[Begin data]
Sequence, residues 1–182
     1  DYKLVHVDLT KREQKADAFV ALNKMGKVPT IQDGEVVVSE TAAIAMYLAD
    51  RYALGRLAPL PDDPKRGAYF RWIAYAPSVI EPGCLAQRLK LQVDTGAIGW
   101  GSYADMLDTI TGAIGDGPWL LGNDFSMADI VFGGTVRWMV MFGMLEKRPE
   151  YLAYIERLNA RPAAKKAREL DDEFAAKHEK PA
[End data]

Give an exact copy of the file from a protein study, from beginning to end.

Sequence, residues 1–182
     1  DYKLVHVDLT KREQKADAFV ALNKMGKVPT IQDGEVVVSE TAAIAMYLAD
    51  RYALGRLAPL PDDPKRGAYF RWIAYAPSVI EPGCLAQRLK LQVDTGAIGW
   101  GSYADMLDTI TGAIGDGPWL LGNDFSMADI VFGGTVRWMV MFGMLEKRPE
   151  YLAYIERLNA RPAAKKAREL DDEFAAKHEK PA